I feel weird writing this post, because I don’t want anyone thinking I’m holding up my kids as a perfect example of giving, selfless children. They’re normal kids — they don’t always share their toys, and they ask for too many treats they don’t need and they waste food when I’m not looking. But I am trying to get them to think of others, and hopefully raise them to give back. After a lot of reading and trying things ourselves, here’s how we’re trying to raise charitable kids.
1.) Use the 80-10-10 rule
Most books that teach kids about money include this rule (and a lot of adult books, too!). It is basically this — when your child earns an allowance, have them donate 10% of their earnings to charity. 10% goes into savings, and the other 80% is available to spend (in accordance with your rules, of course!). You can sit down as a family and decide where to donate — the entire family can give to one charity, or each child can choose one that means something to them.
2.) Do stuff throughout the year
We think a lot about giving and charity near the holidays, but talk to your kids about people’s needs and how you can help throughout the year. Look at traditional charities — collect canned food for your local food bank, or support a child in a struggling country — but also look at how you can help in your neighborhood. Can you and your children make a meal for a new mom? Can they include someone at school who’s being left out? Talk to them about looking beyond the “wow” moments of serving big, and look for the little moments when you can help just one person.
3.) Get them involved on their level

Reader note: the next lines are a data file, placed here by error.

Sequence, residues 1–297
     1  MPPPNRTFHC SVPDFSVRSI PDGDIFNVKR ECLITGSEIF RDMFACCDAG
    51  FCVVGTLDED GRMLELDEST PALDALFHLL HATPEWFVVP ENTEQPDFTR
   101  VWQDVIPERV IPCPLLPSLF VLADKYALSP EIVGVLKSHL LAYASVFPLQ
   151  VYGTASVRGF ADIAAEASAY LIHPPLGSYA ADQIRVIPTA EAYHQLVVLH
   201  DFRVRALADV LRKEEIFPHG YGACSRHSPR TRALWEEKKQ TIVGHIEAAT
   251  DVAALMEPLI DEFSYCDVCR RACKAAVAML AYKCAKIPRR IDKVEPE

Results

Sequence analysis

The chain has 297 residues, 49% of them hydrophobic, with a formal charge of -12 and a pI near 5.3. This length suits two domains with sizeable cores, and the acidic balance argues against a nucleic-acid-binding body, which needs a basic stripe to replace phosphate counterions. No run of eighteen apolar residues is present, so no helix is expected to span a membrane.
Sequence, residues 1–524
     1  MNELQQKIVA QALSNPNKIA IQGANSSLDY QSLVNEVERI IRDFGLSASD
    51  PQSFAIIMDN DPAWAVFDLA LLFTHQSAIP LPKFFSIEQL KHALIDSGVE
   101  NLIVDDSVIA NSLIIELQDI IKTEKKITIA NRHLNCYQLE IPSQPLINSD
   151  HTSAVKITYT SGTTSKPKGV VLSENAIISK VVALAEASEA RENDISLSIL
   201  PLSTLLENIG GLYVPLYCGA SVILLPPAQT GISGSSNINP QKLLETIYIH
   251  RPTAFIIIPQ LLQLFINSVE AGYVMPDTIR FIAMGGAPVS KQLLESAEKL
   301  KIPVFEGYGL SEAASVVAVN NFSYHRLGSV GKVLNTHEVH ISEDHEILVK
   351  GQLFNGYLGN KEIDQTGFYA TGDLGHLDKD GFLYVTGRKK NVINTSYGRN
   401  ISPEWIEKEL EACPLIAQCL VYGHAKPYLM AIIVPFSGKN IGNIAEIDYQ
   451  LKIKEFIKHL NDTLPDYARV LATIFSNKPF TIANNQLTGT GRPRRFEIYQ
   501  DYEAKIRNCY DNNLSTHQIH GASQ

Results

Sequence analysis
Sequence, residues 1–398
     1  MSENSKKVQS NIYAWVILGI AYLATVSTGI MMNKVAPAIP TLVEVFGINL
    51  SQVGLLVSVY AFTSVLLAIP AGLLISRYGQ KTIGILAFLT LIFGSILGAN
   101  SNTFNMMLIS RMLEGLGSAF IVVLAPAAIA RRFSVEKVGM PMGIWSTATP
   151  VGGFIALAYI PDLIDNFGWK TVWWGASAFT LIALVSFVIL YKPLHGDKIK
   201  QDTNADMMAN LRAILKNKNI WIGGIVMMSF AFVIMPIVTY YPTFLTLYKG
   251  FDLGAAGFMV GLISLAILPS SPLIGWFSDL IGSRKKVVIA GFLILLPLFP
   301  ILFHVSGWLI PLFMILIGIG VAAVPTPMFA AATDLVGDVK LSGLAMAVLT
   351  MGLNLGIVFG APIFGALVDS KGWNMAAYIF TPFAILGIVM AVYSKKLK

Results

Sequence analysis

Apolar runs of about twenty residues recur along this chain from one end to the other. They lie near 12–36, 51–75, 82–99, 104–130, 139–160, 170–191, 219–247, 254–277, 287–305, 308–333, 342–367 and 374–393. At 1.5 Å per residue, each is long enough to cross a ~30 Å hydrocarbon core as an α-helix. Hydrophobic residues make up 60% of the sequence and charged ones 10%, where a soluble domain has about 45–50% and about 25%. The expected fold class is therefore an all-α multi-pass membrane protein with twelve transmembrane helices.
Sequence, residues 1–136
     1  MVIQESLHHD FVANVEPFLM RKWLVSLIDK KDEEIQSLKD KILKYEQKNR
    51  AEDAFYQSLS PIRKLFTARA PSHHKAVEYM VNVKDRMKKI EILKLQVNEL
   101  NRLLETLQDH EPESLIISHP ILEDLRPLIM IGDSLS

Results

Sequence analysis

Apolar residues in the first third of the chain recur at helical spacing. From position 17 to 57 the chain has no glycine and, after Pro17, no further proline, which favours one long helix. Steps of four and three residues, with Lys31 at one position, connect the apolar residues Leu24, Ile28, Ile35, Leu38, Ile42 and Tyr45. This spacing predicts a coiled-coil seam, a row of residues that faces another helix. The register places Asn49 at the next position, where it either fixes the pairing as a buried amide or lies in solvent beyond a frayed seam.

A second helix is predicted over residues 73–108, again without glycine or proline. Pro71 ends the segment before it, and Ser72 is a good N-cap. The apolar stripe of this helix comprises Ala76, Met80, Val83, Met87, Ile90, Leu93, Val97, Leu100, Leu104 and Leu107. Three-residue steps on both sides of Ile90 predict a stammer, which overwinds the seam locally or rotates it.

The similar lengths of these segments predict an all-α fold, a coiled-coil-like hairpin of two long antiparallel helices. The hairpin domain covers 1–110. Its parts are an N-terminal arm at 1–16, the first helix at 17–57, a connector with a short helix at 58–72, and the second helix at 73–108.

Little children can help pick out toys for a toy drive — be very clear that they’re not choosing this toy for themselves, but for someone who doesn’t have any. My kids each took a shoebox this year to fill with things to send to kids in other countries — and they did a better job picking things for kids their age than I would have! I’m always surprised by kids’ creativity and willingness to help when they’re given the chance. I used to worry that we’d buy these things and everyone would be upset when they realized they didn’t get to keep them…and every time I’ve been amazed by their willingness to give. We don’t give kids enough credit — we think we have to teach them generosity for a long time before it sinks in — and I think they’re ready to help way before most of us let them.
One way to involve kids is by including them in the Western Union Chain of Betters program.
I bet they’d have some awesome ideas on how to use this money around the world. I recently asked my Girl Scout troop for input on a big service project we need to plan…and frankly, ALL of their ideas were better than mine. We’re looking into building a school garden now, which I would never have considered in a million years. I’m pretty excited about it.
4.) Tap into their interests
If you have a child who loves animals, see about visiting and donating items to a local animal shelter. If your kids are big readers, organize a book drive, or see if there are opportunities for older children to read during library story time, or at an assisted living facility. Show your kids that volunteering can be fun and that there’s a place for everyone’s strengths.
I’m off now, to sort the canned food items the students at our local school just collected for a drive. They were so good at this, I threw my back out yesterday carrying it all.
Do you have tips for teaching children to give back? I’d love to hear them in the comments or on our facebook page!
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I was selected for this opportunity as a member of Clever Girls and the content and opinions expressed here are all my own.